A recent study conducted by the largest domestic hunger-relief organization in the U.S. found that approximately one in three of New Orleans children will experience food insecurity in 2020, in part due to the coronavirus pandemic. The study from Feeding America The Impact of the Coronavirus on Local Food Insecurity analyzes how food insecurity may increase this year for the overall U.S. population, as well as for children by state, county, and congressional district.
The study found that overall, Louisiana ranked highest in the nation for projected food insecurity among children statewide at 34.5 percent, and fourth overall at 21.7 percent. East Carroll Parish, LA will boast the highest food insecurity rate for children, with over half – 52.5 percent – of that parish’s children not having enough to eat. Lousiana’s 2nd District – which includes the New Orleans metro area and portions of Baton Rouge ranks highest in the nation for food insecurity among children at 41.7 percent.
According to Feeding America, an additional 23,110 people will experience food insecurity this year when compared to 2018, including an additional 8,430 children. The study found that structural disparities faced by Orleans Parish’s Black population, including “systematic barriers to those jobs less likely to be affected by the pandemic, lower than average wages, and greater employment instability” all contributed to higher rates of food insecurity.
According to The Data Center, 35 percent of Lousiana’s total unemployment claims for the week ending June 6th came from the New Orleans Metro Area. With tourism-related industries hit harder than most due to pandemic-related closures, over 110,000 workers either received unemployment benefits or filed an initial claim in the week ending June 6th. With bars throughout Orleans Parish once again closed by the order of Mayor LaToya Cantrell, those numbers are expected to rise.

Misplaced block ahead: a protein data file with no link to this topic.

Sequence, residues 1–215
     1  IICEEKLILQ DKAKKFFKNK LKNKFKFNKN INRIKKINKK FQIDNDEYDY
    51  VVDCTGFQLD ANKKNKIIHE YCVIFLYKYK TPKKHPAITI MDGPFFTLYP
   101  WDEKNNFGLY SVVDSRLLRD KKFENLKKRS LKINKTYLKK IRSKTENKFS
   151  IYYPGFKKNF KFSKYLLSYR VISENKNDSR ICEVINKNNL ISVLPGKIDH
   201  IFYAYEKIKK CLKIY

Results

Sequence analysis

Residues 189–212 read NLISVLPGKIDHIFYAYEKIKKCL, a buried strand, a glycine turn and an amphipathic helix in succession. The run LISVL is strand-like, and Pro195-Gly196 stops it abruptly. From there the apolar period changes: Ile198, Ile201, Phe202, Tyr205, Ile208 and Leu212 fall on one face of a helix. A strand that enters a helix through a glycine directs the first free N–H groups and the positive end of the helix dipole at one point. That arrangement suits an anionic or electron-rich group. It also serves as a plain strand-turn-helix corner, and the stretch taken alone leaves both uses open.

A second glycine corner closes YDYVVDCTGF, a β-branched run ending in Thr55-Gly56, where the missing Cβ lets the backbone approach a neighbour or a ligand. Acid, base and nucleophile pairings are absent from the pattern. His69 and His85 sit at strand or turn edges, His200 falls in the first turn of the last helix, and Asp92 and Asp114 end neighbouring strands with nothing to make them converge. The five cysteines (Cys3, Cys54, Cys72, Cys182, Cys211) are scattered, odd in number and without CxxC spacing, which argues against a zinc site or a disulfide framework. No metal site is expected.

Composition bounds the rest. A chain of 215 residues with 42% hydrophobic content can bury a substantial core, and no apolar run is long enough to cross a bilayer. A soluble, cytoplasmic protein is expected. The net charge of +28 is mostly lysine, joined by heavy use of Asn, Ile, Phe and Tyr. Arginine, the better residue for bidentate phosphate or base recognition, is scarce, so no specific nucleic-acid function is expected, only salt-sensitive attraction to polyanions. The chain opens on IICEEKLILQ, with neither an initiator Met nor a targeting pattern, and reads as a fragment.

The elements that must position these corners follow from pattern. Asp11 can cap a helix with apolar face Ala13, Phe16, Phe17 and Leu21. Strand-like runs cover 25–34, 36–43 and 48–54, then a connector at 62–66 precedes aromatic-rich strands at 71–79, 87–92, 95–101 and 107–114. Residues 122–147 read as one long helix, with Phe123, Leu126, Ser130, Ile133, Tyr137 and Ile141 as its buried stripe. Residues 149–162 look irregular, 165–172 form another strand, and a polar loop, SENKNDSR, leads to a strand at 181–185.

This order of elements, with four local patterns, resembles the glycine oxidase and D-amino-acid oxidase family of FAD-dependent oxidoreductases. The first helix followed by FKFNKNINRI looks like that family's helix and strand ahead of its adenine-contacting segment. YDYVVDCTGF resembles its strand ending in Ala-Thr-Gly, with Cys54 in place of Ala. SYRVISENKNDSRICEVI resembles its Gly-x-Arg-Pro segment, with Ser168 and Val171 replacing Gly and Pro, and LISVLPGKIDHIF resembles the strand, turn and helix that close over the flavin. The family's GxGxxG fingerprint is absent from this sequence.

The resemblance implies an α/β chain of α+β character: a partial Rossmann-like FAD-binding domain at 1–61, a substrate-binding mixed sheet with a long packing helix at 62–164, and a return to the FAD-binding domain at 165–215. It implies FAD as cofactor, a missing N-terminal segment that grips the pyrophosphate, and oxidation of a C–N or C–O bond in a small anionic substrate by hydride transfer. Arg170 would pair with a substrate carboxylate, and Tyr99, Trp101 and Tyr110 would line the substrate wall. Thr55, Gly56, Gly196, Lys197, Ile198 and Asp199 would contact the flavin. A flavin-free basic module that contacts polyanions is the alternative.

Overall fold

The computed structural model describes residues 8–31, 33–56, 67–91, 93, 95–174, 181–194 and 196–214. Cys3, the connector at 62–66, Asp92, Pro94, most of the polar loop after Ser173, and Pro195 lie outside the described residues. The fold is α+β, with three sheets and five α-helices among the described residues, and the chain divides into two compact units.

New Orleans is attempting to help residents struggling to put food on their tables through a meal assistance program, which was recently extended until September 4th. Under the program, families with children, seniors, the homeless, and people affected by the coronavirus or other health problems are eligible to qualify, as long s they are receiving no other food assistance. Although the program can help up to 30,000 residents, only 9,000 have signed up so far.
Seventy of New Orleans’ restaurants have signed up to deliver meals to residents through the program, offering everything from traditional Creole and Cajun dishes to Mexican and Indian cuisine. The program is funded through an $18 million agreement with the Federal Emergency Management Agency (FEMA), and is one of the first such agreements in the country.
The program hasn’t been without flaw, however. According to the New Orleans Advocate|Times-Picayune, some residents have complained they received rotten food. According to city Office of Homeland Security and Emergency Preparedness Director Collin Arnold, “we clarify and correct those issues as soon as possible… vendor performance is obviously a factor in whether or not [this program] continues, so it’s something we take very seriously.”